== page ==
But, taking your idea from your mind and putting it in your hands can be a difficult and expensive thing to do.  Here are some things to consider:

-          Do you have the time to create a working prototype?

-          What kind of materials will you need to make a prototype?

-          How much will it cost to bring your idea to life in the form of a prototype?

The truth is, when it comes to a new product, a prototype is more appealing than a drawing and companies will often go through many prototypes until they’re happy with the final product.

When we present our clients’ ideas and prototypes to corporations for possible licensing, it’s not always the first one that is accepted.  In fact, it rarely ever is.  If a company shows an interest in one of our clients’ ideas, we may send a product back to design over and over again, to test things like:

-          Are we using the same materials as our target corporation?

-          Is the product cost-effective?

-          Can the product be easily mass-produced?

So, while you ultimately may want to have a prototype to present your idea, at the early stages of submitting your idea to our firm, you are not required to have one ready.  The confidentiality agreements that we provide will allow us to discuss your idea with you and then move forward to designing, engineering, prototyping and beyond.


Validating – 29 Ways to Stay Creative

Inventing Advice

think creativeWe all believe a lot of what we read. Whether it’s in a newspaper or online, there’s something appealing about the published word.

The following list of 29 ways to stay creative has been floating around the Internet. And, it is pretty good, but who validates the efficacy of the tips? We do, while adding some of our own ideas with the help of credible sources (They have to be credible, they’re on the Internet).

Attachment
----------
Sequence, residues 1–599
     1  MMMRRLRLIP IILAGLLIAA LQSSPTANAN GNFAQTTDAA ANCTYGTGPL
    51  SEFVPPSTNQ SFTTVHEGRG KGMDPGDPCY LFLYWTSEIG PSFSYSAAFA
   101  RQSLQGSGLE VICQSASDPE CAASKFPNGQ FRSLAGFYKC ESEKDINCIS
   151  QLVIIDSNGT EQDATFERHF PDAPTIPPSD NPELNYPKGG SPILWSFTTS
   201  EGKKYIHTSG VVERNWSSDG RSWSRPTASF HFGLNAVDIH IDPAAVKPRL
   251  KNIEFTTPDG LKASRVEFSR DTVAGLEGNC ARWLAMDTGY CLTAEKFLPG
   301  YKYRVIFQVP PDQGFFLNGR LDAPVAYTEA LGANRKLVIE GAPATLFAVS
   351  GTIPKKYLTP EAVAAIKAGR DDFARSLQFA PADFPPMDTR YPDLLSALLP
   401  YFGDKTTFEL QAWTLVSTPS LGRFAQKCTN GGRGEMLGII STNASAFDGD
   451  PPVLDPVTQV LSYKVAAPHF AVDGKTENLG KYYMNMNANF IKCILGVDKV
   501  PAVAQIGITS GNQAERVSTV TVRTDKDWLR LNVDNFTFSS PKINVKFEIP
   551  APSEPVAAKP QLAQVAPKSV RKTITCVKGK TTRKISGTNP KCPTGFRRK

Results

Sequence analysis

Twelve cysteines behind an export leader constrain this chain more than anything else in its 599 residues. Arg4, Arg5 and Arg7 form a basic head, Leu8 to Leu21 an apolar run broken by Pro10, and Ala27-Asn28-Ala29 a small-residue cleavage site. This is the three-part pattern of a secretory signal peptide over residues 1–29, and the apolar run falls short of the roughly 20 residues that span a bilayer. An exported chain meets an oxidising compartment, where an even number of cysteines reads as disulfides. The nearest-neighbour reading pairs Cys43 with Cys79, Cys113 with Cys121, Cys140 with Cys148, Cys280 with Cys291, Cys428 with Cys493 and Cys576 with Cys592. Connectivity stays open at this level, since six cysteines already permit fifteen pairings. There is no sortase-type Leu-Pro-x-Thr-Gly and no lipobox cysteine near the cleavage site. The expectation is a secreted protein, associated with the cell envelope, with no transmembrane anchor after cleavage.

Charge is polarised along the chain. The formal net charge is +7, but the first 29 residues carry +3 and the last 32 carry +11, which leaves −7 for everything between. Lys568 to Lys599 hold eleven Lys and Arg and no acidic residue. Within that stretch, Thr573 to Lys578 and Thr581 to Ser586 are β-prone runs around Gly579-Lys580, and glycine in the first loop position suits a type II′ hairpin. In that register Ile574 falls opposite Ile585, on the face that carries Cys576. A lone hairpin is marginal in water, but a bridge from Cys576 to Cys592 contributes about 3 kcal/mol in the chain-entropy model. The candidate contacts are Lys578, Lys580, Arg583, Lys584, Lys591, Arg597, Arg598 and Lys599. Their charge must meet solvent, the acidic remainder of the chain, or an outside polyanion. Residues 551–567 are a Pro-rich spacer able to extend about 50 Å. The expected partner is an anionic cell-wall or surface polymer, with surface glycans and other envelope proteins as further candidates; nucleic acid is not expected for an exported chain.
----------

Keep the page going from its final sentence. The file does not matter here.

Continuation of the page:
1.) Make lists: Based on the fact that VH1 still exists, America loves lists. Here’s why.

2.) Carry a notebook everywhere: Garry Keller, co-founder of Keller Williams agrees.

3.) Try free writing: Like your English 101 professor made you do.

4.) Get away from the computer: And your smartphone, and your tablet and text messaging.

5.) Quit beating yourself up

6.) Take breaks: They’re right, according to Science.

7.) Sing in the shower: We don’t know if this makes you more creative, but you sound like it.

8.) Drink coffee: Or just go to a coffee shop and drink water.

9.) Listen to new music: Listen to a genre of music you’ve never heard before.

10.) Be open: This tip seems pretty obvious.

11.) Surround yourself with creative people: It worked in Zurich in 1916.

12.) Get feedback

13.) Don’t give up

14.) Practice, practice, practice: For only 10,000 hours!

15.) Allow yourself to make mistakes

16.) Go somewhere new: OR just take a new route to work.

17.) Count your blessings

18.) Get lots of rest: Or step away from your workspace, and read four pages from a book that brings you delight.

19.) Take risks: Albert Einstein College of Medicine in New York City suggests a biological explanation for why certain people tend to live life on the edge — it involves the neurotransmitter dopamine, the brain’s feel-good chemical. –

20.) Break the rules: This tip seems as trite as “thinking outside of the box.” But for the sake of consistency.

21.) Don’t force it

22.) Read a page of the dictionary

23.) Create a framework: But first, find out what a framework is.

24.) Stop trying to be someone else’s perfect: This goes without saying. But Daniel Craig’s approval would be nice.

25.) Got an idea? Write it down: See number 2.

26.) Clean your workspace: Unless you are Al Gore.

27.) Have fun: We definitely have fun.

28.) Finish something: Finishing is tough. Here’s some help.

29.) Collaborate: See number 11.

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Welcome to the Davison Blog. We're a company of over 250 employees dedicated to putting more products on store shelves than any company in history. Here we'll feature Product, Innovation and Inventor News along with inventing advice. Thanks for visiting!